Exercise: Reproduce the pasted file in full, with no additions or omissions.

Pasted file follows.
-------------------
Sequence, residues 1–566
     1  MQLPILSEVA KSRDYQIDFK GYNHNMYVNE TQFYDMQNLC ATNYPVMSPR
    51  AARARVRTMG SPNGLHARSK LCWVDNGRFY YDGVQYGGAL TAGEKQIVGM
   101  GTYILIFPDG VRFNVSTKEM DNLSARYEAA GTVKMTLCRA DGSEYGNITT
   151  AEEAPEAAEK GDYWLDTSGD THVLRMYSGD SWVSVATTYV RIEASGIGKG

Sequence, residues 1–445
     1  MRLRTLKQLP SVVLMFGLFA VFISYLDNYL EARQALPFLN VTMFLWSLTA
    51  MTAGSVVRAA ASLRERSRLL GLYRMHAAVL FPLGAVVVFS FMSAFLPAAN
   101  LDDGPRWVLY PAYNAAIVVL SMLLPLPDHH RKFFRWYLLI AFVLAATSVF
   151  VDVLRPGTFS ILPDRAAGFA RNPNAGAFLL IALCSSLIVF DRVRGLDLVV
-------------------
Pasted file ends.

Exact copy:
Sequence, residues 1–566
     1  MQLPILSEVA KSRDYQIDFK GYNHNMYVNE TQFYDMQNLC ATNYPVMSPR
    51  AARARVRTMG SPNGLHARSK LCWVDNGRFY YDGVQYGGAL TAGEKQIVGM
   101  GTYILIFPDG VRFNVSTKEM DNLSARYEAA GTVKMTLCRA DGSEYGNITT
   151  AEEAPEAAEK GDYWLDTSGD THVLRMYSGD SWVSVATTYV RIEASGIGKG

Sequence, residues 1–445
     1  MRLRTLKQLP SVVLMFGLFA VFISYLDNYL EARQALPFLN VTMFLWSLTA
    51  MTAGSVVRAA ASLRERSRLL GLYRMHAAVL FPLGAVVVFS FMSAFLPAAN
   101  LDDGPRWVLY PAYNAAIVVL SMLLPLPDHH RKFFRWYLLI AFVLAATSVF
   151  VDVLRPGTFS ILPDRAAGFA RNPNAGAFLL IALCSSLIVF DRVRGLDLVV